In December 2004 Qantas started direct flights from Sydney to Shanghai, with a promotional offer to launch the new service – a package of flights and three nights accommodation in Shanghai.I went along and it was a hectic three days. We stayed in a hotel just off Nanjing Road – the main pedestrianised shopping street in Shanghai and when we arrived mid evening it was packed and I mean packed with a sea of people. An extraordinary sight and you could hear this noise from the side streets – the noise of tens of thousands of people all talking at once.
Normally at that time I would have taken my Leica M6 film camera as I was still wedded to film but friend Roger in the UK had just bought a Leica Digilux 2 camera and he’d sold me his displaced Digilux 1 and I was curious to see how it performed. The Digilux 1 was a clunky device – a joint Panasonic/Leica effort and back in 2004 digital photography was still on its trainer wheels.
The Digilux 1 has a fast f2.0 28-90mm lens apparently designed by Leica but made by Panasonic and also fitted to a number of other cameras at that time including a Canon model. It reputedly had the shortest shutter lag of any digital camera on the market when it was introduced. Shutter lag was one of the banes of early digital cameras and on some cameras it was chronic making action photography virtually impossible and even static shots were rather frustrating.
The Digilux 1 has an optical viewfinder and a rather dim LCD in the usual place. To counter the dim LCD it cames with a fitted collapsible hood mechanism which shades the LCD. A great idea but I lost mine early on so I cannot really comment on its usefulness. Leica styled the Digilux 1 to very crudely resemble the shape of a traditional rangefinder Leica.
The key attributes of the Digilux 1 were and still are that it takes very good infra red photos – very rare for a digital camera – and has simple menus (something which Leica have kept on subsequent digital cameras) and it produces JPEG and TIFF files with an interesting and unique look. I am surprised to see that on Ebay sellers are currently asking for around $300 for Digilux 1s.
I took just the Digilux to Shanghai and despite all my reservations I came back with a really interesting set of photos which I had forgotten about until I found them last weekend.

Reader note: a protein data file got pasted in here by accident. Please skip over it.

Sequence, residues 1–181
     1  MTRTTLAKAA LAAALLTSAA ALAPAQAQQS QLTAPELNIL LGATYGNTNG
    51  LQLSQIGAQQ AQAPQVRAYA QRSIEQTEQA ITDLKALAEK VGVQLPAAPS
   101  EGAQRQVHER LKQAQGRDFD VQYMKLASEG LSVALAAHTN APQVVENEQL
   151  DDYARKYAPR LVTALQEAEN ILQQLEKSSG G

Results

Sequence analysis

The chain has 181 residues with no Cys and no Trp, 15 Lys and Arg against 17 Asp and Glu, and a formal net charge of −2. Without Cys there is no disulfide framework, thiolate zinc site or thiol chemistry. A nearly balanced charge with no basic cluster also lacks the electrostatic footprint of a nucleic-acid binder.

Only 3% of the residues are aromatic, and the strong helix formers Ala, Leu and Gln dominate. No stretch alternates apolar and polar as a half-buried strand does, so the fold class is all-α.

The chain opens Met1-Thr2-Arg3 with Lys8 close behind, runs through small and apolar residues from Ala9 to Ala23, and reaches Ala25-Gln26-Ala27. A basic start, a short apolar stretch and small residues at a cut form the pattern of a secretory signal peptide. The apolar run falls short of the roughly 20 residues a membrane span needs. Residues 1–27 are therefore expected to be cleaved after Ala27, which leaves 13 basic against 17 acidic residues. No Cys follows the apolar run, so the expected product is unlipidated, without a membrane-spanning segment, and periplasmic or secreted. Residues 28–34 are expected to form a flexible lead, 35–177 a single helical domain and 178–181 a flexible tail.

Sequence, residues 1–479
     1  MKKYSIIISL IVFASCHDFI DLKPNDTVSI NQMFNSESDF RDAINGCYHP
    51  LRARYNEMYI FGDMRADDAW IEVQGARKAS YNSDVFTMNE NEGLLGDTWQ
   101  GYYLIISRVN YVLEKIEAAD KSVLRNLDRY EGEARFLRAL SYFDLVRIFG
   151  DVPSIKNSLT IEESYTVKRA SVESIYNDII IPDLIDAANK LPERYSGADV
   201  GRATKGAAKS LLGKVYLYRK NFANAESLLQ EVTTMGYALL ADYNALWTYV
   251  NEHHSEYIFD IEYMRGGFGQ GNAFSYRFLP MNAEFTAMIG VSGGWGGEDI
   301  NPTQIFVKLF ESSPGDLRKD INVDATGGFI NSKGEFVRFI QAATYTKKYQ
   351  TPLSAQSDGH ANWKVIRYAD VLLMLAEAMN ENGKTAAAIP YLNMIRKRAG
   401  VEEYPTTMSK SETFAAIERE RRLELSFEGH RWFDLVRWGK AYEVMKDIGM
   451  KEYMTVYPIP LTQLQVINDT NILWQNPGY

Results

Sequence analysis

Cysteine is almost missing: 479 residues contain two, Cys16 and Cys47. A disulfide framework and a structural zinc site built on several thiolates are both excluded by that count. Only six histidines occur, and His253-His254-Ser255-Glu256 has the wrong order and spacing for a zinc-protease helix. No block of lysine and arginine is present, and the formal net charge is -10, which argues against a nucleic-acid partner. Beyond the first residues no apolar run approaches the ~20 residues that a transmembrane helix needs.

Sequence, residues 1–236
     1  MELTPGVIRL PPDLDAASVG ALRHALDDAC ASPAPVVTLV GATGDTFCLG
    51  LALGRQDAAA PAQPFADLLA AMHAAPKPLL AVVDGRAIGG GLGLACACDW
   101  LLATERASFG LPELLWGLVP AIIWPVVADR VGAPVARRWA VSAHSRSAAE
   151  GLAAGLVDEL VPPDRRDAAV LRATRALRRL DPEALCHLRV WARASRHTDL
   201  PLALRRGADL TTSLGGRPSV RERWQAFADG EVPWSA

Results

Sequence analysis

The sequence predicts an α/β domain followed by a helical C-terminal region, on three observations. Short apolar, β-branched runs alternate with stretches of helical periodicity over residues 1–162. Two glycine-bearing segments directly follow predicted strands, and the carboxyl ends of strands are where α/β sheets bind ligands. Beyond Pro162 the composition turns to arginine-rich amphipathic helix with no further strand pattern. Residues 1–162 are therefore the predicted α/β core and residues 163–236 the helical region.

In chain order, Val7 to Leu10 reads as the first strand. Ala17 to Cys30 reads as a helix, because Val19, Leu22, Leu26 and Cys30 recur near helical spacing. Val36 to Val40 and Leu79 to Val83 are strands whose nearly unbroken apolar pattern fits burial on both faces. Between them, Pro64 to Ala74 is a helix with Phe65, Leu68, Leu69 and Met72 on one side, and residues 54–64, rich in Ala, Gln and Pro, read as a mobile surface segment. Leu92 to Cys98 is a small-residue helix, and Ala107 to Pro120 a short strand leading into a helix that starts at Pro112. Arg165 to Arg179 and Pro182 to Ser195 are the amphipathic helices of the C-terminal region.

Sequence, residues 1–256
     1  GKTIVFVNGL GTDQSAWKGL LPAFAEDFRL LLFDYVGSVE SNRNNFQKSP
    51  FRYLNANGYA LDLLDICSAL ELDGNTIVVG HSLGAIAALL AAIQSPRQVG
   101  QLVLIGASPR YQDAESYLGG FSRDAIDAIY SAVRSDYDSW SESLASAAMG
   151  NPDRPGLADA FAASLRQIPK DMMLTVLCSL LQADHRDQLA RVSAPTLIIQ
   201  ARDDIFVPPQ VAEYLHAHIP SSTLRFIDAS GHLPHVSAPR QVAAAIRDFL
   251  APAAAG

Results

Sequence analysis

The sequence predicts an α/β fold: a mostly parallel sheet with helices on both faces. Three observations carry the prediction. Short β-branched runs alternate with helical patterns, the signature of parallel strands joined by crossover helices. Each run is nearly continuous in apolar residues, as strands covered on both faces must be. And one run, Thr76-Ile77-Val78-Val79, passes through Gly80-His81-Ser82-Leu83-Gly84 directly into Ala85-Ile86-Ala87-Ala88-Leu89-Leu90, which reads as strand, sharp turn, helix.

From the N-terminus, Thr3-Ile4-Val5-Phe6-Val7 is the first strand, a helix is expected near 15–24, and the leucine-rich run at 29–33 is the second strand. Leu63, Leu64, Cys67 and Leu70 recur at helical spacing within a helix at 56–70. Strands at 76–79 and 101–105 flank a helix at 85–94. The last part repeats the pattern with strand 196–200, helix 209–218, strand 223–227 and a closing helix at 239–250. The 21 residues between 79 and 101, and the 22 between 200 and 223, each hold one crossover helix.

Here’s my three days in China – 2004 collection. I unfortunately only took JPEGs on that trip because the TIFF files were very big and the SD cards at that time had a very limited capacity. Please don’t judge the photos on their technical merit – remember that this was an early digital camera. Comparing them with current digital photos is like comparing a Boeing 707 with a 787 Dreamliner, although I am surprised by how good they are. Nowadays all the gearheads who inhabit those tedious forums on the Web who cannot get by without the latest camera packed with features would not even dream of taking a photo with a camera with a tiny sensor and only 4 megapixels, but it must have been inspirational for me. Most of the city and streetscapes I took on that short trip have now gone so this is a snapshot of a vanished China. I am sure that the bridal wear hire shops in Shanghai don’t wash the returned dresses and hang them on a tree beside the main road nowadays.
Author, John Shingleton lives in Terrigal, Central Coast, NSW, Australia. If you are interested in motorsport and photography, you’ll find his site here: The Rolling Road
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A delightful account and certainly a memorable and special set of images. I highly recommend viewing on a smartphone to resist the urge to pixel peep. This way, I get the sense of the scene you viewed 11 years ago and none of the other modern trappings and baggage that accompanies photography today.
I have not been to China even though my grandfather hailed from Fukien province and left for South East Asia before WWII. Your images do take me back to a China I suspect in no more, especially in Shanghai.
As for IR imaging, I was planning on converting my M8 for just the purpose. Any advice or thoughts on that notion?
Thanks for the post.
Thanks for your kind comments on my photos.I must have had a strong rush of photographic enthusiasm on that Shanghai trip as there were very few duds amongst the 30 odd photos I took in the three days.Perhaps the fact that I took so few is the key to their quality.I was still thinking like a film user.
As for converting your M8 to IR I would have long hard think about it before doing anything irreversible ! IR is fun – for a short time but the novelty soon wears off .see http://therollingroad.blogspot.com.au/2012/04/leica-digilux-1-infra-red.html
John Shingleton therollingroad.blogspot.com
I love your pics, John! They really render “the old China” as I saw it, when foreigners were already allowed in, but before the rush to all things modern obliterated all else. From there, I went to your blog, The Rolling Road, and it is a delight and an inspiration. Kudos and congrats!